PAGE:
Artist Julie Byrd Diana is always on the hunt for unique angles to photograph and paint



Julie Byrd Diana takes her camera with her wherever she goes. She never knows when she might stumble upon a photo-worthy scene in the Charleston area or one of its neighboring barrier islands, especially in a place known for being the capital of breathtaking natural scenery. She has pulled the car over more than once on her travels from her home on Johns Island to other Lowcountry locations to capture a cloudy sky, turbulent waters or a majestic live oak.

“If the scene impacts me, it usually will impact others, too,” Julie says. “My black-and-white photography and acrylic paintings are driven by the environment. If I do a double take, I know it’s something worth photographing. I love the black-and-white medium. It is moody, classic, and the subject matter pops.”

While nature is one of the biggest subjects that Julie photographs and paints, she also can’t resist using her lens and her paintbrush to capture historic architecture, with its curves that mimic the natural formations in the open-air environment. “We are surrounded by both of these subjects in the Lowcountry,” Julie says. “I often look for historical significance and paint it, such as my Sweetgrass at Market acrylic artwork. I snapped a photo of a lady weaving a basket at the Charleston market and later painted the scene. The Gullah culture is very significant to our area.”

Generally, her subject matter varies because she gets bored if pigeonholed into painting one subject matter, she says. The artist is a sucker for a good angle and is always looking for the perspective that no one else sees. For example, her award-winning Time Train photo shows a locomotive in motion but at an up close perspective that many people would not think to capture. “In my mind, I am converting the image into positive and negative spaces, just like black-and-white photos do. My mind’s eye sees the whole scene—it’s not just a piece of driftwood or a lighthouse but the bigger picture that includes everything surrounding it,” she adds.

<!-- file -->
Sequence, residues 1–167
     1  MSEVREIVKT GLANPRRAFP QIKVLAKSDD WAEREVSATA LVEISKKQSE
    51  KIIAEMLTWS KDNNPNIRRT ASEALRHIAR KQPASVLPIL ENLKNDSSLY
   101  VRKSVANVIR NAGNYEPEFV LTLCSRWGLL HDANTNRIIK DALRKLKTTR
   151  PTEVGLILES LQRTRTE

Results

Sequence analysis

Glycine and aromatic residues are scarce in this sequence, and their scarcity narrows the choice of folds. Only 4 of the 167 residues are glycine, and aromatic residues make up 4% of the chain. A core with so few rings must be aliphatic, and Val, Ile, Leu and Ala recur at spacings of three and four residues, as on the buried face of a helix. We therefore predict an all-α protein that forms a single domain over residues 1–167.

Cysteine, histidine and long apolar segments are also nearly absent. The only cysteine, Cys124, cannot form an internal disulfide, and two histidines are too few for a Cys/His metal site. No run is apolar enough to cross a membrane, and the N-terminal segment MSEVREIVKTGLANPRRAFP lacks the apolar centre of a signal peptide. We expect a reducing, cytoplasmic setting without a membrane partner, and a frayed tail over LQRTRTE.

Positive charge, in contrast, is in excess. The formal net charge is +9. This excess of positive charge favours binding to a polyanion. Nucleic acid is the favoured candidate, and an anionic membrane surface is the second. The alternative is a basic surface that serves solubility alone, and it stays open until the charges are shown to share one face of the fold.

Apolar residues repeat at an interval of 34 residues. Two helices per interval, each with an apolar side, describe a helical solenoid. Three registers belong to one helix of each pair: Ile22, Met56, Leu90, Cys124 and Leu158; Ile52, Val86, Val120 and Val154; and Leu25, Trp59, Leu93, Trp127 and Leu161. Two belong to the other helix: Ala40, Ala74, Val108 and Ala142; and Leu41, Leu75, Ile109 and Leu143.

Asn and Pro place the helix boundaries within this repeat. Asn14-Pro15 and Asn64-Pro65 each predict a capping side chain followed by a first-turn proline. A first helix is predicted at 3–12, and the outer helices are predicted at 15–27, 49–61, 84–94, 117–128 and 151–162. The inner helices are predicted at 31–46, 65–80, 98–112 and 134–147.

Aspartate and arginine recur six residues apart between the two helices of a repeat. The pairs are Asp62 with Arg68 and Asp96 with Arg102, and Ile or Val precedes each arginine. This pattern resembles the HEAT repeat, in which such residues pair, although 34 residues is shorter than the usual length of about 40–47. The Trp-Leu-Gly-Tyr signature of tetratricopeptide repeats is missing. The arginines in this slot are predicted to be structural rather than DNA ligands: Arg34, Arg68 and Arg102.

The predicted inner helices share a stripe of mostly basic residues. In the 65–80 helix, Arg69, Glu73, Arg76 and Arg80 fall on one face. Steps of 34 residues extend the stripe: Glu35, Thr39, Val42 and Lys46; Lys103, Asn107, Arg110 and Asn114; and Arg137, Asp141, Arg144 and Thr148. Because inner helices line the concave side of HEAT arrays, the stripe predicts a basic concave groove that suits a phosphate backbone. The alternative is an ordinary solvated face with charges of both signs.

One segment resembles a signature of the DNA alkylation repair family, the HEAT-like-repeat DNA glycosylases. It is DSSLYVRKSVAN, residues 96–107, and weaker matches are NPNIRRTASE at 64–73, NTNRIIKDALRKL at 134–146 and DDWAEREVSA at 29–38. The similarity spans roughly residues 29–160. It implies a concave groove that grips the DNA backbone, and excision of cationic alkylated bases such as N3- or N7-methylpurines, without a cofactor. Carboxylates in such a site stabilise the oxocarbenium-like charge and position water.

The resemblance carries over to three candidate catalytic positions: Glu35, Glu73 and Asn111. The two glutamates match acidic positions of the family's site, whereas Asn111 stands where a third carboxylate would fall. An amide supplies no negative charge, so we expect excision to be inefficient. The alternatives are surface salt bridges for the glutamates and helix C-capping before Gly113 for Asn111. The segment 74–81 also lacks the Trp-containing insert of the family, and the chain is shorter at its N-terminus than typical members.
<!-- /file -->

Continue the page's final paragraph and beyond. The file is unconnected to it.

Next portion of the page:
Grandpa’s Fisherman at Dawn, acrylic on canvas, 12″ x 16″

Julie also is a fan of clouds. In Stormy Skies, another award-winning fine art photo, she photographed the aftermath of a mid-summer storm on Wadmalaw Island. Julie has won many awards at juried art exhibitions in her native state of Indiana, as well as in Florida and South Carolina, including at the annual MOJA Arts Festival each fall. Her latest award came for another fine art photograph, entitled Embrace, of a driftwood tree on the beach reaching two of its limbs toward the heavens with the Morris Island Lighthouse in the distance.

Julie comes by her love of photography naturally—it’s a generational legacy. She’s a third-generation photographer on her maternal side. “My grandfather was a hog farmer but also a professional photographer known for his racing photos. He received global attention for some of his work,” she explains. Her uncle is both a black-and-white photographer and a physician. And, like her father, she also is a commercial insurance broker. “Like me, the prior generations always worked in two professions at the same time,” she adds.

Julie carves her own path in expressing herself through her acrylic paintings, using thick, textural brushstrokes and palette knife applications of paint to create a three-dimensional effect. “The impasto technique helps the paint rise off of the canvas and makes people want to touch it,” she says. Her impasto application—reminiscent of impressionist painters such as Claude Monet—also helps her control the light in her artwork through the thickness of brushstrokes while highlighting the uniqueness of her style.

Stormy Skies

Bright colors are a hallmark of many of her pieces, including a unique art application of an oyster shell sculpture she painted with vibrantly colored shrimp as a permanent exhibit for Mount Pleasant’s Towne Centre. She designed it as a tribute to the town’s fishing and shrimping industries and painted it in bold indigo in acknowledgment of the Gullah Geechee contribution to the area’s historical cultivation of indigo crops.

Julie accepts commissions and often paints pet portraits. She also creates custom greeting cards for clients, made from reproductions of her paintings. “The notecards are well-loved gift items,” she says. “In this digital age, it is so refreshing to receive a handwritten note.”

Open Waters, acrylic on canvas, 12″ x 9″

Next up is a series of oyster paintings. “My style is vibrant, so I’m going big with open shell paintings,” she says. “It’s an idea that has been on my mind for a while.” Art enthusiasts can see her latest paintings and photographs at the Charleston Artist Guild Gallery.

Above all, Julie hopes her artwork stirs up fond memories for the collectors who take it home. She gives an example: “I photographed and then painted a train moving at 60 mph during sunset. The purchaser told me that trains were important to her family. She was in the process of creating a collection in memoriam to her late grandfather. My goal is to create heartfelt moments like this.” *

Dana W. Todd is a professional writer specializing in interior design, real estate, luxury homebuilding, landscape design, architecture and fine art.

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